You can avoid this long waiting game by submitting an Early Decision application. Students typically hear back from their school within a few weeks and can feel some peace of mind knowing they’ll receive a decision from their top choice first.


On the other hand, there are also some cons to keep in mind as you determine which application is best for you:

It’s a Big Commitment

The majority of Early Decision programs are binding, meaning you have to know what your top law school choice is early into the application process. This is a big decision to make, so it’s essential you do thorough research on all of your choices to be confident in your final decision.

Earlier Deadlines

Early Decision applicants are required to submit all of their admission materials a few months before Regular Decision applicants. This time crunch can increase your stress, and you risk submitting a weaker application if you rush. 

Unable to Defer Your Admission

Students who are accepted to law school using an ED application are typically not allowed to defer their enrollment.

Should You Apply Early Decision to Law School?

After going over the pros and cons of Early Decision, you should have a clearer idea of if this application is right for you. To help you solidify your choice, ask yourself these questions:

  • Am I 100% certain this ED law school is my top choice?
  • Can I complete my application to the best of my ability before the ED deadline?
  • Are there any schools I want to go to as much as this ED law school?
  • Do I have a good chance of getting into my top choice?
  • Is there any chance I will want to defer my enrollment?

Students should only apply to Early Decision if they’re certain of their top choice and are within the competitive range to get accepted into it. If you’re far from the median LSAT and GPA of the school, you should not submit an ED application.

ED applications are generally submitted to schools that are within students’ reach since you can only submit one binding application per admission cycle.

FAQs: Law Schools With Early Decision

Using this guide, you should have enough information to make a decision about submitting an ED application to law school. If you’re still unsure, you can find the answers to common inquiries about law schools with early decision below.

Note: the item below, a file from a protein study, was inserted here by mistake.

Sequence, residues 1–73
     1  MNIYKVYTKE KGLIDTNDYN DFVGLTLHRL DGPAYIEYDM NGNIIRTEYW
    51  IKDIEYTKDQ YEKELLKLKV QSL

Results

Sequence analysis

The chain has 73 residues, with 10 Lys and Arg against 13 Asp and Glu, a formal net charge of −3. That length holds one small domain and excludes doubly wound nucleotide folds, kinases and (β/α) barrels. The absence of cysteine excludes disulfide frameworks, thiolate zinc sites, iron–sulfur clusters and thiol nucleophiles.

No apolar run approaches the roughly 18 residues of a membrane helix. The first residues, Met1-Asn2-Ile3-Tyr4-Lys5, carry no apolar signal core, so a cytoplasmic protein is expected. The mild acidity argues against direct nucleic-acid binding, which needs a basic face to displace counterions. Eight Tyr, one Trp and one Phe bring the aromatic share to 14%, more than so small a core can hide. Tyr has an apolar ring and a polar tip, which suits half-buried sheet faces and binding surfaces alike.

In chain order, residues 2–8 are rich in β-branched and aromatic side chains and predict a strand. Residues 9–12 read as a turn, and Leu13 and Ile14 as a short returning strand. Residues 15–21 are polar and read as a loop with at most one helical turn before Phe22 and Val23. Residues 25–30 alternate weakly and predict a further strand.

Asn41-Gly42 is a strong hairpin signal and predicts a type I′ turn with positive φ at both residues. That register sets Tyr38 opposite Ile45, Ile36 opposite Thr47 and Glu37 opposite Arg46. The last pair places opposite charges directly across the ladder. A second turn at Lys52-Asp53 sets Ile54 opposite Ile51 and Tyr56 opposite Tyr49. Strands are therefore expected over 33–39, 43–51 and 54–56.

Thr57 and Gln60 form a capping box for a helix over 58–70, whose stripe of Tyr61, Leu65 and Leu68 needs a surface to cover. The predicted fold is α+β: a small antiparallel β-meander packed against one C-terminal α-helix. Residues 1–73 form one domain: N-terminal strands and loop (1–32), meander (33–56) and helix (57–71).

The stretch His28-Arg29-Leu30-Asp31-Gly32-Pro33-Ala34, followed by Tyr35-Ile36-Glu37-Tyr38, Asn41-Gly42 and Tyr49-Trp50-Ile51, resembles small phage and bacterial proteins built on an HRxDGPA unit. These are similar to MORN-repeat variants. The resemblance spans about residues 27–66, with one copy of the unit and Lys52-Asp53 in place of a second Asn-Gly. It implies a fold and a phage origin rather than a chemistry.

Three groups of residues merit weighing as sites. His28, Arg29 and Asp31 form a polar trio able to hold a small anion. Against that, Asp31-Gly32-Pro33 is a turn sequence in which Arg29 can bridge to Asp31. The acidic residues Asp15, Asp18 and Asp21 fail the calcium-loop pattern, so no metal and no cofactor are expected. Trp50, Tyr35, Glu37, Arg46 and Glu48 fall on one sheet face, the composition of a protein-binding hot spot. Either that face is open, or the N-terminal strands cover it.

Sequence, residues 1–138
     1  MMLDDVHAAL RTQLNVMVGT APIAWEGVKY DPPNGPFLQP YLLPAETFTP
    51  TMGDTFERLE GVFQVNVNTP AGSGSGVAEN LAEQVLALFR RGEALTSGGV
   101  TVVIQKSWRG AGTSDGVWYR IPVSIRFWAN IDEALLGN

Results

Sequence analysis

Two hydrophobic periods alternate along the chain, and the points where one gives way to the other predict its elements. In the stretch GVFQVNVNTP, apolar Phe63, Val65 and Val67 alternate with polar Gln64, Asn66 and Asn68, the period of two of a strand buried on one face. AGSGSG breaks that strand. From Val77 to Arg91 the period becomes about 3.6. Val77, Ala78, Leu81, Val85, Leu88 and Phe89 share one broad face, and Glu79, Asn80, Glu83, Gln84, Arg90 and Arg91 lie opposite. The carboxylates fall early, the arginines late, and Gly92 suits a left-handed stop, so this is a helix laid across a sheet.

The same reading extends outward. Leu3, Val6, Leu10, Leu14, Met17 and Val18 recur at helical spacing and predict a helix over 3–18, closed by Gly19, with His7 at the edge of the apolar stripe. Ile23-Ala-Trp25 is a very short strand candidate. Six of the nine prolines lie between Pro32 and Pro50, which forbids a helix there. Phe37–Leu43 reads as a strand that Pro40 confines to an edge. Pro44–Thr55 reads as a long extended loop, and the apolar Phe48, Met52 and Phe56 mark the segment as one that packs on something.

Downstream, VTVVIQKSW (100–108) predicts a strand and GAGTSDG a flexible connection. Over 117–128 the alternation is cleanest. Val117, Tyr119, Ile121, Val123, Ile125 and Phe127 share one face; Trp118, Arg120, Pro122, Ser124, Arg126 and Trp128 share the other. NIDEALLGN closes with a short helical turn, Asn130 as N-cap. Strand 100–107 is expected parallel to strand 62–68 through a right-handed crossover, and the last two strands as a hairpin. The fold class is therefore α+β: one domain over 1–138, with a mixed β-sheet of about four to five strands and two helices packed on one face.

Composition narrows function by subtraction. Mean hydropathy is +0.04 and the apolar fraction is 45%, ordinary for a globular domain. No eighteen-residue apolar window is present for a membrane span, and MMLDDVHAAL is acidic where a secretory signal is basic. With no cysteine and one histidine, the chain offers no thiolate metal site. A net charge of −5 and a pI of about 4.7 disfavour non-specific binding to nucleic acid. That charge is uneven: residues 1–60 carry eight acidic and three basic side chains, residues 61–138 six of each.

1. What Are the T14 Law Schools With Early Decision?

The T14 law schools with early decision are:

  • The University of Chicago
  • Columbia University
  • The University of Pennsylvania
  • New York University
  • The University of Virginia
  • UC Berkeley
  • The University of Michigan
  • Duke University
  • Cornell University
  • Northwestern University
  • Georgetown University

The majority of T14 law schools do offer Early Decision applications. The few that don’t include Yale, Stanford, and Harvard.

2. Does Early Decision Help Your Chances for Law School?

Yes, Early Decision can increase your chances of getting into law school, which can be reassuring considering the T14 law schools are the most selective! Admissions committees tend to be more lenient with Early Decision applicants and there is less competition for seats!

3. Does Harvard Law Have Early Decision?

No, Harvard is one of the few T14 law schools that does not offer an Early Decision application.

4. How Many Law Schools Can You Apply For Using an Early Decision Application?

You can only submit one ED application, because they are binding. Considering this, it’s essential you choose a reasonable law school to submit an ED application to. While the committee will be more lenient when reviewing your application, you must still be a competitive applicant to gain admission to their school.

5. Can I Still Apply To Other Law Schools If I Submit An Early Decision Application?

Yes, you can and should plan to apply to other law schools despite your Early Decision application. You aren’t guaranteed admission to your top choice, so you should leave as many doors open as possible.

Final Thoughts

When you’ve done everything else to get into your dream law school, including spending hours preparing for the LSAT, reviewing your personal statement dozens of times, and crafting the perfect resume, a final step to maximize your chances of admission is to submit an Early Decision application.

Ensure you weigh the pros and cons of this option and are confident in your decision if you choose to submit an ED application!